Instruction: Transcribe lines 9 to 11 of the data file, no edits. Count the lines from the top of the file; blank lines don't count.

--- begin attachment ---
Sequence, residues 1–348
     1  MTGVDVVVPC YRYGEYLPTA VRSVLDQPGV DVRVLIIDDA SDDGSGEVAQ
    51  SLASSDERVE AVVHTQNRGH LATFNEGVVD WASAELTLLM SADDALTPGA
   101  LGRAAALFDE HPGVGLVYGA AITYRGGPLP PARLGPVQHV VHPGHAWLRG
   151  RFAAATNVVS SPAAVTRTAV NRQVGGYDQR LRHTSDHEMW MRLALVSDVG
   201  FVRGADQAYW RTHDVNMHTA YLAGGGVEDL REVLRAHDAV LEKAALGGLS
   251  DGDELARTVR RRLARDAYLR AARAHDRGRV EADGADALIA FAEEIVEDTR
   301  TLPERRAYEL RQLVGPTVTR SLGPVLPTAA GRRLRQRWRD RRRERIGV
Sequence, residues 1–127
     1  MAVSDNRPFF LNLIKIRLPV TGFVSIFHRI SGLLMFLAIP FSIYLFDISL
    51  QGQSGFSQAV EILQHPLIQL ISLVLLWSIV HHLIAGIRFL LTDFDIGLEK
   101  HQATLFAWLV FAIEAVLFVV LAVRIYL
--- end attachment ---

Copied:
Sequence, residues 1–127
     1  MAVSDNRPFF LNLIKIRLPV TGFVSIFHRI SGLLMFLAIP FSIYLFDISL
    51  QGQSGFSQAV EILQHPLIQL ISLVLLWSIV HHLIAGIRFL LTDFDIGLEK